Tue | Jun 25, 2019

Jiving Juniors unleashes Derrick Harriott on the world

Published:Sunday | May 18, 2014 | 12:00 AM
A young Derrick Harriott. - File

The Jiving Juniors belonged to an exclusive fraternity of 1950s Jamaican groups which set the stage for the emergence of the Jamaican blues, ska, and rocksteady music.

Other groups and bands of that period included Monty and the Cyclones, Aubrey Adams and the Dewdroppers, Bunny and Skitter, Bunny and Skully and Alton and Eddy. The Jiving Juniors, however, were unique in more ways than one.

The group included appropriate clown acts in its presentation, to accentuate the story it presented in a song, and unlike other groups of that era, the Jiving Juniors had two distinct phases to their career.

The harmony, call and answer innuendos, and lyrical interchange, especially between lead vocalist, Derrick Harriott and bassmen, (Eugene Dwyer, from the first set, and Winston Service, from the second set), was most breathtaking.

The genesis of the Jiving Juniors was rooted in the duo, 'Sang and Harriott', (Claude Sang Jr and Derrick Harriott). The two were musically inclined schoolmates at Excelsior High School, where the headmaster, W.A. Powell was Harriott's uncle.

Temporarily capturing a piano in the main Assembly Hall during breaks, the duo would sharpen musical skills, and in the process, create quite a stir.

According to Harriott, "when we were playing, it seemed like the whole school came down, and even at lunchtime, a lot of people quickly bought their lunch so they could hear us".

This lunchtime activity didn't go down well with the headmaster who regularly issued detentions to them for disobedience.

Interestingly, the very headmaster who issued detentions was the first to acknowledge the duo's ability and include them in concerts and fund-raising events for the school. Just as interesting was the fact that one of Harriott's strongest competitors at school concerts was parliamentarian, A.J. Nicholson.

With the overwhelming response from schoolmates, and lots of confidence behind him, young Harriott fancied his chances of entering the popular Vere Johns Opportunity Hour talent show in 1955, with a popular American R&B song, titled, When You Dance.

Although narrowly missing the final round, Harriott was determined, and entered again in 1957 with his classmate Claude Sang Jr., eventually going on to win on several occasions and never finishing less than as a runner up. Sang would play the piano, while both sang.

Harriott recalls being one of the highest-paid performers on some of the shows, but admits that the coins thrown on stage by fans, registering their approval of a solid performance, sometimes exceeded that pay.

It was not the safest practice though, as early Jamaican coins were big and heavy, and hit hard.

Vere Johns Opportunity Hour, Vere Johns Opportunity Knocks (Johns radio show), and Bim and Bam shows around the island, opened several doors for the duo, which soon set its sights on the recording studios.

The two went to Stanley Motta's Studio, which first opened its doors at Hanover Street in Kingston, before moving to other locations.

Sang and Harriott captured their voice at Harbour Street on a demonstration disc, doing the original, Lolipop Girl.

According to Harriott, the recording was the first post-mento recording in Jamaica's popular music history.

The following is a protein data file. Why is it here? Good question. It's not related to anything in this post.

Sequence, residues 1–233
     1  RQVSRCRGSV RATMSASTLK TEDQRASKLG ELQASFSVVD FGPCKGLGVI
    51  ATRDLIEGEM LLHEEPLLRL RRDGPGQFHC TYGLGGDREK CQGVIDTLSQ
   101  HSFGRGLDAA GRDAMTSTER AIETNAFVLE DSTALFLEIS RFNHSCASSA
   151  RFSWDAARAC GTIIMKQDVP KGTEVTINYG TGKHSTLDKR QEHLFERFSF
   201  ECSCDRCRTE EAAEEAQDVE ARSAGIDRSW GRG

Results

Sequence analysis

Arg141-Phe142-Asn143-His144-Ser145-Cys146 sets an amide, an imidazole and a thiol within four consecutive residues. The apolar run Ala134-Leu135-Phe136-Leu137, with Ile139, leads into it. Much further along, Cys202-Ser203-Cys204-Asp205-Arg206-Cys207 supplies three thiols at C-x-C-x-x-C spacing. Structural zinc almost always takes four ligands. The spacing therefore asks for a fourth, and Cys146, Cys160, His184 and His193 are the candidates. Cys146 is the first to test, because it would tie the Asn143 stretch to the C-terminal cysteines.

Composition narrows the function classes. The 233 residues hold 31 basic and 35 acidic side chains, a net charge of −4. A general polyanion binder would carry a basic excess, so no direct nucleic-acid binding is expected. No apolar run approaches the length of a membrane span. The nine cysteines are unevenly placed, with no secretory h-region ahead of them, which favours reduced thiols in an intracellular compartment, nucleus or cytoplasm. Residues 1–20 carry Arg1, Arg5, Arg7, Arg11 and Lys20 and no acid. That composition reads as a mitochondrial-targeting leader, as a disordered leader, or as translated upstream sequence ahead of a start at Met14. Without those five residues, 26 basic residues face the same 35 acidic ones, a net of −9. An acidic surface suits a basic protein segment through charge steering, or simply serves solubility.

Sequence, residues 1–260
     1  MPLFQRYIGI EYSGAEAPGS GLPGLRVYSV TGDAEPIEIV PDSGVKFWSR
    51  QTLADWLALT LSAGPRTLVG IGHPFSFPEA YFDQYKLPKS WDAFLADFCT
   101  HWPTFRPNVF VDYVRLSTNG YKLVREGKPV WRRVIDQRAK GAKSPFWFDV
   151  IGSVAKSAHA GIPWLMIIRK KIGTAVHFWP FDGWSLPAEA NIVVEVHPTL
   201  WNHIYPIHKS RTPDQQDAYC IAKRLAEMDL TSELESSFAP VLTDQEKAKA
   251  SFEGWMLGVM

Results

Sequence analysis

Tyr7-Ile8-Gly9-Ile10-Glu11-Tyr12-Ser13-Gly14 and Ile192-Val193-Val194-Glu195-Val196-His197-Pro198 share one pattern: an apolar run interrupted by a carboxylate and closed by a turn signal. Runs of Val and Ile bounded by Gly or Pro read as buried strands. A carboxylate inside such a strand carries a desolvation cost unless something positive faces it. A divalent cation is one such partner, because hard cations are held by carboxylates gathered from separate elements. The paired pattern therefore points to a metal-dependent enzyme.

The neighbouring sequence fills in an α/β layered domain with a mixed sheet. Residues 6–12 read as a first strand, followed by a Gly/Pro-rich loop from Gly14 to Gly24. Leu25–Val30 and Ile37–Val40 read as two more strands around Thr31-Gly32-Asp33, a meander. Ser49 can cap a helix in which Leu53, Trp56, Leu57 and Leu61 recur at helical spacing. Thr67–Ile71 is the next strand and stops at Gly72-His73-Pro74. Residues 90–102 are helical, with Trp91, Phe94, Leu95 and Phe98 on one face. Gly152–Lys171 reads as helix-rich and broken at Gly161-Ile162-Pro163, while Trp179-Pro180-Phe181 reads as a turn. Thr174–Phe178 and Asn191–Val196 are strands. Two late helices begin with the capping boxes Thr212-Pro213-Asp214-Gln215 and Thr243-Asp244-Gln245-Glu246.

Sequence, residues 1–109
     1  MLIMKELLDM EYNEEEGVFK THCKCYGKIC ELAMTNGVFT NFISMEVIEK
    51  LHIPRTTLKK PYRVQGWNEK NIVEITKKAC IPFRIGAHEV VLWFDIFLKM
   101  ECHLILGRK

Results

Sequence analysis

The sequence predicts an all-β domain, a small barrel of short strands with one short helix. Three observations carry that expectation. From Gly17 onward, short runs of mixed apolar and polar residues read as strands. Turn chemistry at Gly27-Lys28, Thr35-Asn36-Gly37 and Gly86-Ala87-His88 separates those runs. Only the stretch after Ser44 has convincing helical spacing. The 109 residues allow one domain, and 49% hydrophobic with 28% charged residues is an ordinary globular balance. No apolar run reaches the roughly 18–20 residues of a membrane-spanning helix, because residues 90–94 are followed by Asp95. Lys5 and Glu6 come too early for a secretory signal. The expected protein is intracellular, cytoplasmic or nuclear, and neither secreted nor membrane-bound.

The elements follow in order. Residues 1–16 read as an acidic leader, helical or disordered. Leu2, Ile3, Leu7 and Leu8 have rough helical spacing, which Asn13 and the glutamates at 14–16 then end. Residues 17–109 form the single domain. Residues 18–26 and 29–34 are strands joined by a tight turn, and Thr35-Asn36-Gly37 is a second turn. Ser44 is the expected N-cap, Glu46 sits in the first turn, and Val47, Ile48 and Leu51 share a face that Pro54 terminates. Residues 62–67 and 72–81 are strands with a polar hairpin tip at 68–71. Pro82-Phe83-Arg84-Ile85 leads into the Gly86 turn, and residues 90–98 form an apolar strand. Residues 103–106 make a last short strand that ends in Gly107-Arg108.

As was the custom of the day, the demo disc or dub plate, was given to a Maxfield Avenue-based sound, named Thunderbird Disco, and it became so popular, operators were forced to play it as much as a dozen times before taking it off the turntable.

Although containing only piano, handclaps and vocals, the recording did amazingly well, so much so that it created conflicts among some of the big sound system operators, who jostled to get hold of it.

For about two years, the Lolipop dub ruled on the Thunderbird Disco.

The story goes that 'Sir Coxson Downbeat' sound system visited 'Carlisle' and negotiated a swap of one of his big American R&B hits, for Lolipop Girl, because he wanted it so badly.

The sound system business was hot at the time, with operators priding themselves with the 'toughest' and most exclusive hits of the day.

Clement 'Sir Coxson' Dodd was thus, having a grand time, 'mashing up the place' with this record, until sound system man, and main rival, Duke Reid, was heard playing the song, during a clash along East Queen Street in Kingston.

It sent shock waves, through Coxson's body and there were reports of gun-drawing and intense animosity.


The mystery is still unresolved, but one authentic source states, that it appeared that one of Coxson's henchmen temporarily snatched the record and gave 'The Duke' a copy.

The duo of Claude Sang Jr and Derrick Harriott separated in 1958, when Sang was sent on an overseas study course with Cable and Wireless.

Harriott, the leader and main songwriter, decided to form a new group in 1958, which he called, The Jiving Juniors.

The quartet consisted of Eugene Dwyer (bass), Maurice Wynter (Tenor/Clown), Claude's younger brother, Herman Sang on piano, and Harriott on lead tenor and falsetto.

The group became one of the best close-harmony groups in Jamaica's music history. Fashioned in the same vein as American group, The Coasters, the group went on to have successful performances on the Vere Johns Opportunity Hour. So popular was the quartet that a special guest slot on the Opportunity Hour beckoned.

In 1959 and in the midst of that success, Harriott migrated to the United States. The group seemed dead.

After encountering some rough times with unsettled employment, Harriott rocked back on his first love, music and decided to revive 'The Jiving Juniors', this time with new members.

The story continues next week, with the second set of Jiving Juniors, and the solo career of Derrick Harriott.